How does the compiler allocate memory for conditionally declared automatic variables in C++?


Say I have a function where depending on some runtime condition an expensive automatic object is created or a cheap automatic object is created:

void foo() {
   if (runtimeCondition) {
       int x = 0;
   } else {
       SuperLargeObject y;

When the compiler allocates memory for a stack frame for this function, will it just allocate enough memory to store the SuperLargeObject, and if the condition leading to the int is true that extra memory will just be unused? Or will it allocate memory some other way?

>Solution :

It depends on your compiler and on the optimization settings. In unoptimized builds most C++ compilers will probably allocate stack memory for both objects and use one or the other based on which branch is taken. In optimized builds things get more interesting:

If both objects (the int and the SuperLargeObject are not used and the compiler can prove that constructing SuperLargeObject does not have side effects, both allocations will be elided.

If the objects escape the function, i.e. their addresses are passed to another function, the compiler has to provide memory for them. But since their lifetimes don’t overlap, they can be stored in overlapping memory regions. It is up to the compiler if that actually happens or not.

As you can see here, different compilers generate different code:


        sub       rsp, 408
        test      dil, dil
        lea       rax, QWORD PTR [400+rsp]
        lea       rdx, QWORD PTR [rsp]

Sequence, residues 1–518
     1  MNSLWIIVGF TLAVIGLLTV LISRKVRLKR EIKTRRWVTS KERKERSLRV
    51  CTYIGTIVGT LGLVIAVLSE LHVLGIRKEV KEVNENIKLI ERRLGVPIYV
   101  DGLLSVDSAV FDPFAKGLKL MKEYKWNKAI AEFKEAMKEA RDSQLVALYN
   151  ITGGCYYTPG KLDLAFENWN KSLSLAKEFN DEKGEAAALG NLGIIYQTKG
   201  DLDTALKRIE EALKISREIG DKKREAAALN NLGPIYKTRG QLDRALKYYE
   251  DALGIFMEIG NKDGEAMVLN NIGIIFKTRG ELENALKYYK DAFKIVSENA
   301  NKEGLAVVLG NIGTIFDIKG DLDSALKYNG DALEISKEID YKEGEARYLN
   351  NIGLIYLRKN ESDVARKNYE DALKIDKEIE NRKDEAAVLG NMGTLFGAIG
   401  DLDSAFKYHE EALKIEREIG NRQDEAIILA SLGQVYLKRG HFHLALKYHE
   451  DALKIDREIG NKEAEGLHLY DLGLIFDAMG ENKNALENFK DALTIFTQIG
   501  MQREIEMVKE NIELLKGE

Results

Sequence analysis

cmovne    rdx, rax
        mov       rdi, rdx
        call      escape(void const*)
        add       rsp, 408

ICC allocates enough memory two store both objects and then selects between the two non-overlapping regions based on the runtime condition (using cmov) and passes the selected pointer to the escaping function.


        sub     rsp, 408
        mov     rdi, rsp
        call    escape(void const*)
        add     rsp, 408

GCC is a bit smarter. It also allocates a region of 408 bytes, but passes the same pointer to escape and emits no cmov.


        sub     rsp, 408
        test    edi, edi
        lea     rdi, [rsp + 8]
        call    escape(void const*)@PLT
        add     rsp, 408

Clang does the same, but for reasons I don’t understand it still tests the condition.

You should also note, that when the compiler can place either or both of the variables in registers, no memory will be allocated at all. For int‘s and long‘s and other small objects that is most often the case, if their addresses to not escape the function.

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